Barbara Barrigan-Parrilla, 209-479-2053
Tim Stroshane, 510-847-7556
A “Surrender Dorothy” Effort To Save WaterFix By The Brown Administration
Stockton – Documents released to the Planning and Conservation League via a public records act request this week reveal details of the “No Harm Agreement” between the California Department of Water Resources (DWR) and the Federal Bureau of Reclamation (the Bureau) regarding California WaterFix. In addition, a “Letter of Dismissal,” a document demanding that specific water districts and local government agencies abandon their case-in-chiefs opposing WaterFix before the State Water Resources Control Board (SWRCB), was also included in the document release, but not previously reported in media accounts of what was transpiring in the water deal cut between the Brown and Trump administrations. Both documents can be read here and here.
It is worth noting that the “Letter of Dismissal,” which states DWR’s expectations of specific parties to withdraw from WaterFix hearings, does not indicate that the listed parties have agreed to the terms asserted by the Department of Water Resources within the letter itself.
Restore the Delta’s Executive Director, Barbara Barrigan-Parrilla, noted:
“The ‘Letter of Dismissal’ by DWR’s Karla Nemeth addressed to specific parties participating in the WaterFix hearings reads like a “surrender Dorothy” demand – absolute in its insistence without any indication of interest in cooperation by the listed parties. It seems like Governor Brown’s final grand water bargain is an attempt to bully protesting parties into capitulation, and a presentation of alternative facts in side deals that do not match up with what is transpiring before the SWRCB regarding the future of the San Francisco Bay-Delta estuary.”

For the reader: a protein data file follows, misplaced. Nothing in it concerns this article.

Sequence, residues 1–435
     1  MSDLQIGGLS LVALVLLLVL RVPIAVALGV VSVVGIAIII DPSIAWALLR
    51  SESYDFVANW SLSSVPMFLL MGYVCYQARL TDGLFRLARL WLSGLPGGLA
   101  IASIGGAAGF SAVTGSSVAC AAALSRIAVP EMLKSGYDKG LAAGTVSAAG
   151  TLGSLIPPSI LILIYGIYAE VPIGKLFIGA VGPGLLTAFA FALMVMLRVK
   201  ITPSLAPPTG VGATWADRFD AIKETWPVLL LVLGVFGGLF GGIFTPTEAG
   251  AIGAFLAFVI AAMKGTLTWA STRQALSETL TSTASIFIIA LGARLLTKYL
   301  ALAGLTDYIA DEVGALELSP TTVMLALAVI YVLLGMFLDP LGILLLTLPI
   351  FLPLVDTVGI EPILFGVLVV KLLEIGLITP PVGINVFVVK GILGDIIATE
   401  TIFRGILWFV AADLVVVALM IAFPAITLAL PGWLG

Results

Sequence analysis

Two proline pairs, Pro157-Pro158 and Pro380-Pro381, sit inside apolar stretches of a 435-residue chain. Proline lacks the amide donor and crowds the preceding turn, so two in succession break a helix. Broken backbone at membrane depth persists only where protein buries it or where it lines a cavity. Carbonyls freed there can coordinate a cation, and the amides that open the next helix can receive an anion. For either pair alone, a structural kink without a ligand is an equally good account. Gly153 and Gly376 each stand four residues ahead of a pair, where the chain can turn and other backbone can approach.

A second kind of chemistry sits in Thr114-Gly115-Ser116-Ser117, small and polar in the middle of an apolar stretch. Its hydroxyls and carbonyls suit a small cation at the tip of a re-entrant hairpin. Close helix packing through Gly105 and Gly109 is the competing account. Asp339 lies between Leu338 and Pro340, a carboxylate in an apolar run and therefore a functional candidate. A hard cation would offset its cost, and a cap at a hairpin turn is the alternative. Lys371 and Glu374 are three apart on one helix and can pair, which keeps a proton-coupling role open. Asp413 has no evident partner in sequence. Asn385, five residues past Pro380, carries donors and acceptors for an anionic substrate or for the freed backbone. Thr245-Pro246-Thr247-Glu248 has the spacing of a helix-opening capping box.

While the “No Harm Agreement” reads on the surface simply as a deal cut between DWR (the junior water rights holder) and the Bureau of Reclamation (the senior water rights holder), details contradict DWR’s case-in-chief before the State Water Resources Control for the WaterFix tunnels, calling the accuracy of the assumptions in the “No Harm Agreement” into question.
In the fourth paragraph under Explanatory Recitals, the agreement states:
Yet, in their case-in-chief before the SWRCB, DWR and the Bureau have petitioned for a change-in-the-point of diversion permit to begin construction of the Delta tunnels, not an addition for points of diversion. An addition of diversion points for the SWP and the CVP would require the Brown and Trump administrations to seek new water rights from the Delta and would have required a different case presentation with different facts to the SWRCB. DWR’s argument has been that they already obtained the water rights for the project, despite proposing that the intakes should be located in new places with the Delta. RTD and other parties made the case that DWR’s permit to continue adding diversion capability to the State Water Project expired in December 2009, which DWR never refuted.
Restore the Delta’s Policy Analyst, Tim Stroshane, said:
“The ‘No Harm Agreement’ reveals the Bureau asserting its seniority in the Delta to protect its water contractors’ deliveries from overreach by DWR’s Tunnels operations (assuming the project is built). These agreements undermine DWR’s case before the Water Board that they’re proceeding arm-in-arm with the Bureau on this project, when the agreements reveal that Reclamation and its CVP contractors view the Tunnels project with fear and hostility. There may not be any rush to surrender as DWR hopes. I sense desperation on the part of the Governor here, for which he may or may not have good Latin phrases. It would be nice for all others to celebrate the holidays instead and let this die on the vine.”